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That 2-layered rubato thingy

Discussion in 'Technique' started by musical-md, Aug 11, 2011.

  1. techneut

    techneut Active Member Piano Society Artist

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    Ha yes, many people who are unable to keep a steady pulse pass it off as rubato. It is so dangerous to start out with playing Chopin in a so-called romantic manner, without first having learned to play in time. It seems like all beginning pianists want to play Chopin above all. I was no different but have come to see the error of my ways.
     
  2. pianolady

    pianolady Monica Hart, Administrator Staff Member Piano Society Artist Trusted Member

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    As I think about this again, I realize that yes, it's my right hand that I can direct more freely if I want to. And that's because it's the melody line we're talking about. But what if the melody was in the left hand? Has anyone encountered a piece of music where the left hand is supposed to play with some rubato? I doubt I could ever do that! Also, I am right-handed - but if I were left-handed, I'm not sure I would be able to make my right hand play rubato. But then possibly I would be able to make my left hand do it....You know what I mean? Maybe that's confusing...I think I just confused myself... :lol:
     
  3. musical-md

    musical-md Active Member Piano Society Artist Trusted Member

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    This is a very good point to raise because though this is a forum for pianists, our discussion is ultimately about music. Can a melody (RH, LH, soloist, etc.) have a tempo other than that of the accompaniment that it is composed with?
     
  4. jlr43

    jlr43 Member Piano Society Artist

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    One possible example I can think of is the middle section of Chopin Impromptu No. 3. It's such an expansive and deep melody in the middle register of the piano.
     
  5. pianolady

    pianolady Monica Hart, Administrator Staff Member Piano Society Artist Trusted Member

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    I don't think so, because in my mind, tempo means the overall speed of the beats in the piece - the whole piece. If the RH was a faster tempo and the LH a slower tempo, then the RH would finish the piece long before the LH gets to the end, right? So rubato is not related to tempo at all - it's just a matter of altering the length of the RH notes, or changing when you drop down on some notes in certain passages. Maybe you guys already said something like this....?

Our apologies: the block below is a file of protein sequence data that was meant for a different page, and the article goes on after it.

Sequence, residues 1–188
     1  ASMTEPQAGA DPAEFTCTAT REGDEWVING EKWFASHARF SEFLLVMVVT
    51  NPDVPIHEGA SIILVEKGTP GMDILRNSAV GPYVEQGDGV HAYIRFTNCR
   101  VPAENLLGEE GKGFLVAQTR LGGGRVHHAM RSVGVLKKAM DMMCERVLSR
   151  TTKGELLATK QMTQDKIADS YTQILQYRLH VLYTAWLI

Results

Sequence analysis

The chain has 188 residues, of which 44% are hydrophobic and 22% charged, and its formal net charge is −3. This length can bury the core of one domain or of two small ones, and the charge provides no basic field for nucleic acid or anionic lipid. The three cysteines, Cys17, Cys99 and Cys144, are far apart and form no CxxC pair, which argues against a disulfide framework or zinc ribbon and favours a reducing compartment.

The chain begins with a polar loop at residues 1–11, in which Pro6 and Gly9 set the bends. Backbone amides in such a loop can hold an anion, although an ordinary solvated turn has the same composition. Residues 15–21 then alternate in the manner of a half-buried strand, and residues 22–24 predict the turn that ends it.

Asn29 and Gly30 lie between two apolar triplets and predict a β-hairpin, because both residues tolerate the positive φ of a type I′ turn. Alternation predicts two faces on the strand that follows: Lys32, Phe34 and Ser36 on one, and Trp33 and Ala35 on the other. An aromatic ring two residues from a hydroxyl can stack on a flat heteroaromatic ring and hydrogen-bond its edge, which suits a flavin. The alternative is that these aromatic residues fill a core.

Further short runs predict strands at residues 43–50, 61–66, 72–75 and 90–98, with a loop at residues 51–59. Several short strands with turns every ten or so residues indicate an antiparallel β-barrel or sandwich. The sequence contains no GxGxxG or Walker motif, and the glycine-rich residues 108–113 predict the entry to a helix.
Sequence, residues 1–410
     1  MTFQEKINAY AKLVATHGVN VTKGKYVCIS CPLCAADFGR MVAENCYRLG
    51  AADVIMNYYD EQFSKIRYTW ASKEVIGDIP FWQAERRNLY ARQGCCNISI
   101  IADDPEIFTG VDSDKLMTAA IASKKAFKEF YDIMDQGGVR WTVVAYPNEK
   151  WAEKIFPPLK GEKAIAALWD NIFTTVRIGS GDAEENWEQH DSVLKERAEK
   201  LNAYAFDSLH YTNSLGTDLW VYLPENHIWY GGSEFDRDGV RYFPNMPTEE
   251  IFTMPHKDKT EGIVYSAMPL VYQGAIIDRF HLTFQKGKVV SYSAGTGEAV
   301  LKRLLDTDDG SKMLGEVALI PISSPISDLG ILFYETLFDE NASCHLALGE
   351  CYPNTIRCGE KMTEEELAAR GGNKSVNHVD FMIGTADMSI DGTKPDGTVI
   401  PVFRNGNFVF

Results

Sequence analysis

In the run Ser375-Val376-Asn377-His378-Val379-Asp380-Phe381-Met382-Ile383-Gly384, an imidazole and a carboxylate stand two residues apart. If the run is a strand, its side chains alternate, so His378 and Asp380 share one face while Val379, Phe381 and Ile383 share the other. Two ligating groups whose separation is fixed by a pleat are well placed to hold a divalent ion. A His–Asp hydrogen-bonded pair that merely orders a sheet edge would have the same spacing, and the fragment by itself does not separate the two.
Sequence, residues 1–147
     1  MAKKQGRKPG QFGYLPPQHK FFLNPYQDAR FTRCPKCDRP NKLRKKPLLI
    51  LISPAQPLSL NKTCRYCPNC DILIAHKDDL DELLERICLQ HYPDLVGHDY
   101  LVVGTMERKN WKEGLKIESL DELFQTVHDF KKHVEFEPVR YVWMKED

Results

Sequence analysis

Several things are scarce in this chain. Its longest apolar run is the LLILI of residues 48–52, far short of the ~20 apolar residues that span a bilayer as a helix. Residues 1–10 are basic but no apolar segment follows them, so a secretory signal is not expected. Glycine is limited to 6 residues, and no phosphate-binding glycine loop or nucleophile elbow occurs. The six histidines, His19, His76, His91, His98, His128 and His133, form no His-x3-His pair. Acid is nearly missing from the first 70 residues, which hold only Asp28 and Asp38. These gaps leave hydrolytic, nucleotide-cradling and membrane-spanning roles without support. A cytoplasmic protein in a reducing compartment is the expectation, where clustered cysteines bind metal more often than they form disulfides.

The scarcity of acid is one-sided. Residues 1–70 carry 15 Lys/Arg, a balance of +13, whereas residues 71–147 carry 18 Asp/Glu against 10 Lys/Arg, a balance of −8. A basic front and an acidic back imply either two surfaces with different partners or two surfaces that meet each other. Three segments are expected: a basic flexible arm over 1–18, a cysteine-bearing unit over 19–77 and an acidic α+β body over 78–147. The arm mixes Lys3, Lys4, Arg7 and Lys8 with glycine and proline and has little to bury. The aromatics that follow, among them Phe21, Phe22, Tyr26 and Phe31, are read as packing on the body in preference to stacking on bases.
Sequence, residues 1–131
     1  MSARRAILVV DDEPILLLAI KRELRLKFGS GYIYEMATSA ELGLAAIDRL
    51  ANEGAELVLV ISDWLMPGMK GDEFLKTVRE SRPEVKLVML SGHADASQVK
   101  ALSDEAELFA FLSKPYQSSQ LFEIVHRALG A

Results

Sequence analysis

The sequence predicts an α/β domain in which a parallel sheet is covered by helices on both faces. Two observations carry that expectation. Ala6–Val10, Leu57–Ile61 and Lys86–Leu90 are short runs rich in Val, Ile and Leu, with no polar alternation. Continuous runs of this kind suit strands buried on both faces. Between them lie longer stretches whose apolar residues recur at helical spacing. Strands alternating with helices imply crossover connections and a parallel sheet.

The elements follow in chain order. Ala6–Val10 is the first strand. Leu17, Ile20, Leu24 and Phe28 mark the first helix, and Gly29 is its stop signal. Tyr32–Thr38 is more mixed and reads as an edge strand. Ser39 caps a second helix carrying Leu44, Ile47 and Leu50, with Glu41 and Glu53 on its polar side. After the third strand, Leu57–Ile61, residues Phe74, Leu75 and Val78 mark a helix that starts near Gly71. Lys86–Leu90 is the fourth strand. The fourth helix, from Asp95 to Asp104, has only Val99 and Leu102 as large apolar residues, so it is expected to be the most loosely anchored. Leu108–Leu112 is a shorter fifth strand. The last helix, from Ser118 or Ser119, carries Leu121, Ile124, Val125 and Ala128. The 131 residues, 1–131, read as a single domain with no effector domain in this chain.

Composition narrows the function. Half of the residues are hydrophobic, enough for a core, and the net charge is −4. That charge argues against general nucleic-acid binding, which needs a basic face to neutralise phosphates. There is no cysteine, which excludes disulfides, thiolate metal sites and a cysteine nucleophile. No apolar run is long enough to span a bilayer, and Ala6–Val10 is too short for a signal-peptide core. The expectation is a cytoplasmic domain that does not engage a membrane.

Oh yes - I like that one a lot! Been meaning to put it up on my piano but just haven't gotten around to it. Probably won't for a while either. It's such a sweet piece, though! And really I think it should be an etude.

    The middle part is definitely a contender for our left-hand melody-possible-rubato piece. However, I think that the rhythm already makes it automatically sound like you're playing rubato so it should be left as is.

    Another piece I just thought of is Gershwin's no. 2 Prelude. It is on my piano right now, but earlier I wasn't thinking about rubato. Regarding the middle section where the LH is playing that cool little jazzy line - in this case, for sure! we wouldn't want our LH to mess around at all with rubato. That would totally ruin the music.
     
  6. musical-md

    musical-md Active Member Piano Society Artist Trusted Member

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    I'm just one bit confused Monica. Does your "I don't think so" mean that you don't see a melody moving slightly ahead or behind of the accompaniment temporarily (not for any extended passages)? Then we are in agreement. But then you cite some music that is good for "melody-rubato," which is back to melody having fluctuation in tempo that the accompaniment does not have. Have you ever tried to play a melody faster or slower than its accompaniment for just short, limited passages? Have you ever heard anyone play in such a manner? I have never heard it (knowingly) and have never tried to execute it. I have also never read anything in a score or a text that recommended it's application in a particular spot, whether piano or orchestral literature. When I think of orchestral works that make use of goodly amounts of rubato, I think of Berlioz and the post-Romantics like Strauss and Mahler, but can't concieve of how such an idea as this thread is about could even be conveyed by the conductor. I really think this notion was born in Chopin's penchant for irregular groupings and their perception by auditors.
     
  7. pianolady

    pianolady Monica Hart, Administrator Staff Member Piano Society Artist Trusted Member

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    Sorry, Eddy. I'll try explaining my ideas again differently...

    I can see a melody moving slightly ahead or behind the accompaniment but it's got nothing to do with tempo. I don't understand when some people call it tempo rubato, because like I said before, it's not the tempo that is changing at all. If you take one measure and you make the RH move ahead of or drag behind the accompaniment, you still have to make it so that both hands get to the 1st beat of the next measure at the same time, so you didn't change any tempo.

    And no, those two pieces, Joe's Chopin Impromptu and my Gershwin Prelude are pieces that I was wondering about - whether there is such a piece where the LH may be instructed to play rubato. I can't see that happening, but maybe there is such a piece? That's what I was talking about.